Travel Agent's Asia editor, Mark Rogers, is traveling through Japan this week. In this dispatch he reveals the how-to on traveling the country via high-speed rail.
By no means am I an expert on traveling through Japan by high speed rail. But since I've now done the Tokyo/Kyoto route twice, there are a few tips I can share with novices. It's simpler than you think, even in a station as expansive and potentially confusing as Tokyo Station.
First you'll have to buy your Japan Rail Pass. There are two types of passes: Green for superior-class Green Cars and Ordinary for coach class. Each of these types can be purchased in a 7-day, 14-dfay or 21-day pass. The rail pass has to be purchased before arriving in Japan. There are six agencies in the U.S. selling the exchange order for a pass; you can go to www.japanrailpass.net for more information.
Once you're in Japan, you have to then turn in the exchange order to receive the actual pass. I got this out of the way quickly by using the Japan Rail Pass office in Tokyo's Narita Airport on arrival. Also, your pass doesn't have to be activated on the day of your arrival. You can begin the activation on the date you're actually going to ride the rails.
Tip - if you're planning to catch a train from Tokyo Station ask your taxi driver to leave you at the most convenient entrance for the JR office. This will save you time wandering down endless corridors.
Purchasing a rail pass makes you eligible to reserve seats on certain classes of trains, according to the pass you have. Definitely do this. It will save you a lot of stress when it comes time to board. Reserved seats also cost a bit more, so the cars I traveled on were less crowded.
On your ticket, you'll find your seat number and your car number - but not the track number. Make sure you ask the ticket clerk which track you'll be leaving from. As far as luggage goes, I had room for a small suitcase (the size of a flight carry-on bag) in the rack above my seat. If you're hauling a lot of luggage I imagine it could be a real hassle. If you're going to be returning through Tokyo, consider asking your Tokyo hotel to store some of your bags until you return. Train stations also have coin-operated coin lockers for those wishing to travel light.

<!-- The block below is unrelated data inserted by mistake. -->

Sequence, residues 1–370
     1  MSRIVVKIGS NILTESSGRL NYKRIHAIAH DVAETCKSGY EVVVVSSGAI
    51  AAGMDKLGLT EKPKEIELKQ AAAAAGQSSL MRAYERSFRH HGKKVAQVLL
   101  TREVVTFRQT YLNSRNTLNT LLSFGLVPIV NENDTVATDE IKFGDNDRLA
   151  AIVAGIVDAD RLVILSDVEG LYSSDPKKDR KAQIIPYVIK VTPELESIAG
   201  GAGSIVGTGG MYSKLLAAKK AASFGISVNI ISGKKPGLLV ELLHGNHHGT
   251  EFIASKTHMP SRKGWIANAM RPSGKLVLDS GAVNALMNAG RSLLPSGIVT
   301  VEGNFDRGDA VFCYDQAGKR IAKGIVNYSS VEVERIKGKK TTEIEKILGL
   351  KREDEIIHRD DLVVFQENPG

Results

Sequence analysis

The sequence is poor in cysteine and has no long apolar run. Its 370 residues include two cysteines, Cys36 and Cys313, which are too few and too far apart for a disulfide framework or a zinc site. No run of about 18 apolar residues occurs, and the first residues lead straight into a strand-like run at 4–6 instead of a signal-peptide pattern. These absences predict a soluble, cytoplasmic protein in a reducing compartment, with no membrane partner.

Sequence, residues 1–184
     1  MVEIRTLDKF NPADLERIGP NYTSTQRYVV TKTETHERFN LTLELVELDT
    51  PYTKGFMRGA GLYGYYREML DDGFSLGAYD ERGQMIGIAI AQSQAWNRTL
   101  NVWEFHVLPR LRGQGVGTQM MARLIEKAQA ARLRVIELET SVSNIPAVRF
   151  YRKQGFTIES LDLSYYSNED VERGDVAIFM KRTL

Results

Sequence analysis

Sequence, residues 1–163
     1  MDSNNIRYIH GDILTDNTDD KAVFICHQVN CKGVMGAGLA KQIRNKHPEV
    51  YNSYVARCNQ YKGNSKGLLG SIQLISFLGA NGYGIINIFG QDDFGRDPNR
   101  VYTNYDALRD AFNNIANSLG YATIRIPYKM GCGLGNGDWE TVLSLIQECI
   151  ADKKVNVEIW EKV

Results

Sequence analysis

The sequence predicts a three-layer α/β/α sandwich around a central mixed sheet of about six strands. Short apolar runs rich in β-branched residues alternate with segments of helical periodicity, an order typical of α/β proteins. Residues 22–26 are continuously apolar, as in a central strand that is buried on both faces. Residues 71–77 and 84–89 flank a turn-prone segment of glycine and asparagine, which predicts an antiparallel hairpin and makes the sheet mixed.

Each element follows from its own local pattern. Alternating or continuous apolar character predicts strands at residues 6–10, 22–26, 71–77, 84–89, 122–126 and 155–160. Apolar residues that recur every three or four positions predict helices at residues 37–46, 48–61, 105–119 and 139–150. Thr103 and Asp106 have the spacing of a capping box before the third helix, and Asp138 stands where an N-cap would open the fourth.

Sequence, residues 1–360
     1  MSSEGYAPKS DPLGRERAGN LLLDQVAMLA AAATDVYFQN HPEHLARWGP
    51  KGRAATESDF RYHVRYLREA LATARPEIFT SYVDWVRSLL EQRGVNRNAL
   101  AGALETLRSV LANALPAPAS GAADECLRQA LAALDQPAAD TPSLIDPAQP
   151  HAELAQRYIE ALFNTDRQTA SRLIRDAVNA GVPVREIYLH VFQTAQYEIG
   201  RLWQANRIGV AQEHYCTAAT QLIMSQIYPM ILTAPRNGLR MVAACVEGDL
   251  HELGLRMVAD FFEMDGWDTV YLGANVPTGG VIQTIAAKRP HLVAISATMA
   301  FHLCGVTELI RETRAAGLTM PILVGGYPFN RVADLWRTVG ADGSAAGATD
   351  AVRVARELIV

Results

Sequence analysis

Once you're on the train, you can sit back and relax. There's plenty of leg room, although the width of the seats is narrow. There's a pull-down tray similar to those on a flight. A nice touch is the hook next to the window where you can hang a jacket. There's no meal service to speak off (at least on the coach class train I traveled). An attendant regularly comes down the aisle pushing a cart with beverages and snacks. On the Tokyo/Kyoto route the waiting areas on the tracks had small convenience stores selling bento box meals and other items, so it's possible to put together a decent meal for the journey.
Once we got underway, I was looking forward to watching the scenery zip past - unfortunately it zipped by so fast it was disorienting. At their fastest, these trains move at 186.4 mph. As soon as my eyes focused on an object it had moved out of my vision. (Maybe there's a trick to getting past this, if so email me at [email protected].)
On my second trip by high-speed rail, I knew what to expect. The whole process from getting out of my cab at the Kyoto station, finding the JR Office, reserving my seat and finding my track took about three minutes. It was a sunny and crisp morning on the open-air track.
Before my train arrived, I had plenty of time to people watch, make a few notes and enjoy a can of hot green tea from a vending machine. More tomorrow.